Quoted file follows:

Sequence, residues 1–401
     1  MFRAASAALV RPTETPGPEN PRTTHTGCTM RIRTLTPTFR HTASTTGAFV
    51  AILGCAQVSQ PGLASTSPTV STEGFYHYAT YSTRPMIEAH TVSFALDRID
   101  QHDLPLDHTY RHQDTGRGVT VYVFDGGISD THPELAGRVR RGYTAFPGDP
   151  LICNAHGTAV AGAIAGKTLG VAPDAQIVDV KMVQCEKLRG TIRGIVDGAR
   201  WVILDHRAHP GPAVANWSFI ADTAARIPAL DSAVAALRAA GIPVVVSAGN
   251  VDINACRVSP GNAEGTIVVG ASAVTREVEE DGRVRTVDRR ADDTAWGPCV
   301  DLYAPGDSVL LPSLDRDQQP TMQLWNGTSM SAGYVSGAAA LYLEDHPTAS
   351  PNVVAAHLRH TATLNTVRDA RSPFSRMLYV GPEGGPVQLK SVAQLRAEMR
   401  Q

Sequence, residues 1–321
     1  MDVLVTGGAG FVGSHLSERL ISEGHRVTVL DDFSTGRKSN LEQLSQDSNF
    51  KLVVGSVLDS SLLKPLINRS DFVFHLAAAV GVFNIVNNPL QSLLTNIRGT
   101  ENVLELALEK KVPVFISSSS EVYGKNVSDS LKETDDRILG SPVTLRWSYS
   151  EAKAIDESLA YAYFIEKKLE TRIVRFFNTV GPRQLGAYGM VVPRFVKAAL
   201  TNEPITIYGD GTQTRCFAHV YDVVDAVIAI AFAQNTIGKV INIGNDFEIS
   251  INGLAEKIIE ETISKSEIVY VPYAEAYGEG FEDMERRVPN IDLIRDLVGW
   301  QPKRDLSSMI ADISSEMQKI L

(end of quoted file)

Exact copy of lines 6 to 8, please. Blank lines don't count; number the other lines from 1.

   201  WVILDHRAHP GPAVANWSFI ADTAARIPAL DSAVAALRAA GIPVVVSAGN
   251  VDINACRVSP GNAEGTIVVG ASAVTREVEE DGRVRTVDRR ADDTAWGPCV
   301  DLYAPGDSVL LPSLDRDQQP TMQLWNGTSM SAGYVSGAAA LYLEDHPTAS